"March hare" -- an emblem of creative resurgence, of creative madness, if you like.  
I draw the list's attention to a compelling reading in this regard:
 
The abyss above:
philosophy and poetic madness in Plato, Hölderlin, and Nietzsche
Silke-Maria Weineck
State University of New York Press, 2002
 
"In The Abyss Above, Silke-Maria Weineck offers the first sustained discussion of the relationship between poetic madness and philosophy. Focusing on the mad poet as a key figure in what Plato called "the ancient quarrel between philosophy and poetry, " Weineck explores key texts from antiquity to modernity in order to understand why we have come to associate art with irrationality. She shows that the philosophy of madness concedes to the mad a privilege that continues to haunt the Western dream of reason, and that the theory of creative madness always strains the discourse on authenticity, pitching the controlled, repeatable, but restrained labor of philosophy against the spontaneous production of poetic texts said to be, by definition, unique."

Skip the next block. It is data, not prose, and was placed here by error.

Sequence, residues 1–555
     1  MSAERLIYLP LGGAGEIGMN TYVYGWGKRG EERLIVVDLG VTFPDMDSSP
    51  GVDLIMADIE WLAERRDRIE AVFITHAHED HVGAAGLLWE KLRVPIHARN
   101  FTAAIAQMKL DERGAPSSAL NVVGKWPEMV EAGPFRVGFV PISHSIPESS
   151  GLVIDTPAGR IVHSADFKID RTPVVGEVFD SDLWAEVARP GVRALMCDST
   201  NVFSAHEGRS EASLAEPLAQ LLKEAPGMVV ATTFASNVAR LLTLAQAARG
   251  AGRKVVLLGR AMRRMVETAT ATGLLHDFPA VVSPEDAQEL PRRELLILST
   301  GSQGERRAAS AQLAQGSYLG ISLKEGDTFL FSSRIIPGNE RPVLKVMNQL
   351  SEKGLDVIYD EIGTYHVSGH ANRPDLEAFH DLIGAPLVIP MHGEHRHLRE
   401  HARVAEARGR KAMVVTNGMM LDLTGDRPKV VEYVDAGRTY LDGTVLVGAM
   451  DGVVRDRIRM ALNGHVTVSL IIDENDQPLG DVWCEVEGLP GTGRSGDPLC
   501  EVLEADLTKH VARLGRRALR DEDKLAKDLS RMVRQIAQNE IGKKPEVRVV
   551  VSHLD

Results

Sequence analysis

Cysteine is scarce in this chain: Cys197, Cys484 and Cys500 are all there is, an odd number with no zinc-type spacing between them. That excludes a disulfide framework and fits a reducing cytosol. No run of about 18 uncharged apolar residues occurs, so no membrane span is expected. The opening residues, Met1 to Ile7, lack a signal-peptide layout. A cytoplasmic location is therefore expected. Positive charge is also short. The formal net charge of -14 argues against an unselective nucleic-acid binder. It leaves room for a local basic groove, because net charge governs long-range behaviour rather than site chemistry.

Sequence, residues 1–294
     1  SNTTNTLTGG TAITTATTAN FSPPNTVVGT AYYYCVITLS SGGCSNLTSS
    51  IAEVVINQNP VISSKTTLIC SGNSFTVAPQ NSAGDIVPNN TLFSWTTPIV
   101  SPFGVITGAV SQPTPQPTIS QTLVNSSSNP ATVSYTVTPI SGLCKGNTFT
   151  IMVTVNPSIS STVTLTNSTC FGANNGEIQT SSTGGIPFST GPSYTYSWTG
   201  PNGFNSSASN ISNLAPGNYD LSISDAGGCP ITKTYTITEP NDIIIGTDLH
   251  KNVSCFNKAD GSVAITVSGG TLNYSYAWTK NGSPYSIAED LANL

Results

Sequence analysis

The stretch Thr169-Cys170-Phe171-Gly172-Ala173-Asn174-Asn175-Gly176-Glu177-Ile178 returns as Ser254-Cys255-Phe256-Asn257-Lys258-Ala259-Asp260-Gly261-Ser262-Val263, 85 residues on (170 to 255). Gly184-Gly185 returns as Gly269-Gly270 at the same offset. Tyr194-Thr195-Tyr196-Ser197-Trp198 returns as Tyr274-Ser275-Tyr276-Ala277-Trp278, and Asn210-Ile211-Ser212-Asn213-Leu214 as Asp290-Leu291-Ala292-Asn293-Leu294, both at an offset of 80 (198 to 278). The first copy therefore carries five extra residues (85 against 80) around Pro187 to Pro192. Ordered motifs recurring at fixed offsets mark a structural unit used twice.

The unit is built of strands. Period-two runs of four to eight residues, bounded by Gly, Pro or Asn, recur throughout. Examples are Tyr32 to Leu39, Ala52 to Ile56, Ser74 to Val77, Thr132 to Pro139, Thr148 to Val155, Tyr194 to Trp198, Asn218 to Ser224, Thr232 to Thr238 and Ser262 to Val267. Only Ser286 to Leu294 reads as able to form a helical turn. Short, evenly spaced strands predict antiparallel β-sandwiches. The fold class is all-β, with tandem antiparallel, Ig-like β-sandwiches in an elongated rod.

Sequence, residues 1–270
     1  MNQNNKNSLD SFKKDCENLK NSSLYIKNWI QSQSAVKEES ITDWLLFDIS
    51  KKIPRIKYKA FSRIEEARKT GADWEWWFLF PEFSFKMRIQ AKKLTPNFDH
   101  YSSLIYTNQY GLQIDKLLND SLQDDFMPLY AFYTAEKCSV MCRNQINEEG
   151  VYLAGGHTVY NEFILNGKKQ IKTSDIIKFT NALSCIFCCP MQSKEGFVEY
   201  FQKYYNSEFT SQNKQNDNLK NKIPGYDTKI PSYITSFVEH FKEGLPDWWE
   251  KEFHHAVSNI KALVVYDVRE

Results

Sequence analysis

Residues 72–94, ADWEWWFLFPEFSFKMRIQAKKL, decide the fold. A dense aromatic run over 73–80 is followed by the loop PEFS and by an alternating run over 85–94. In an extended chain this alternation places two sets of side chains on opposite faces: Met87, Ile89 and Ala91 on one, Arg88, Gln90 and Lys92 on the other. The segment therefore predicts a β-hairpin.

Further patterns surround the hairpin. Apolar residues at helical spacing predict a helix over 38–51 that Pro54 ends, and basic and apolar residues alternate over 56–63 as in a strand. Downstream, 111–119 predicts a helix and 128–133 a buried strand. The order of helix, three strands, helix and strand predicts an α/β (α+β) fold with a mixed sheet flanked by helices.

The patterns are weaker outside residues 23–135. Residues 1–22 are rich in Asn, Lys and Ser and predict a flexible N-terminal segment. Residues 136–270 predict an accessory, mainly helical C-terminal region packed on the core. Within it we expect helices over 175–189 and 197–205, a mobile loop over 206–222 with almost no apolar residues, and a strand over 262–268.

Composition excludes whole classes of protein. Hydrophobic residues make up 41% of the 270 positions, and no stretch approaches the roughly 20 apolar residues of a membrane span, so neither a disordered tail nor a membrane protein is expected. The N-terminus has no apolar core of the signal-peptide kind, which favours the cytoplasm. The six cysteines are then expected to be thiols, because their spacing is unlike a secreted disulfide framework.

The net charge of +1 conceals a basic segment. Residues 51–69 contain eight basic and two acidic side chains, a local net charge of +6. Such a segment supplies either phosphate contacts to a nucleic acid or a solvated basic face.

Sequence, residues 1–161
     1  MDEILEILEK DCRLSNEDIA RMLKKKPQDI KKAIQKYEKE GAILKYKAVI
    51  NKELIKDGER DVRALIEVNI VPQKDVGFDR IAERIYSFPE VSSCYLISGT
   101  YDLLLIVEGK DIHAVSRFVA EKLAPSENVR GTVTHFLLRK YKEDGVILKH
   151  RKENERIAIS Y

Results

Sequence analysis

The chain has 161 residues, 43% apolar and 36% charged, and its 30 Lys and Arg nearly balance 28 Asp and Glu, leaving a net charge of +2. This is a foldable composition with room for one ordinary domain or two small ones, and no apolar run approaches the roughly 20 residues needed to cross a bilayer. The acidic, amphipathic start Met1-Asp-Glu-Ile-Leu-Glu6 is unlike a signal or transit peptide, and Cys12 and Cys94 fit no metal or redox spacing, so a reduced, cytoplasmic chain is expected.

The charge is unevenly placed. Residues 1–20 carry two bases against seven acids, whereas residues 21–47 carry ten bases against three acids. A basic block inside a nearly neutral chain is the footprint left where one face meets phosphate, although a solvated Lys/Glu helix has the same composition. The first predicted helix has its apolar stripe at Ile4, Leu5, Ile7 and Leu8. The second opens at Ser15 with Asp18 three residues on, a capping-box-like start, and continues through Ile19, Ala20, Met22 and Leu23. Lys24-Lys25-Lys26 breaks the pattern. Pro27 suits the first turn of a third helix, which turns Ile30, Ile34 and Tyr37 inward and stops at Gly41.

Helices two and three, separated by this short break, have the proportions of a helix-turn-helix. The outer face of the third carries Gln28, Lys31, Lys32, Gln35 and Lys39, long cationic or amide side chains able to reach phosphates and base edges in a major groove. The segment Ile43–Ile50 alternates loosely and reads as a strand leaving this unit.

http://books.google.com/books?id=5uV56j2sx5QC&printsec=frontcover#v=onepage&q&f=false
 
It's fascinating to read the introductory chapter titled "Future Perfect".
 
CR


--- On Sun, 4/24/11, Chokh Raj <[log in to unmask]> wrote:
I sometimes wonder if Eliot's title "Inventions of the March Hare" had something to do with the Easter Bunny.
 
 
CR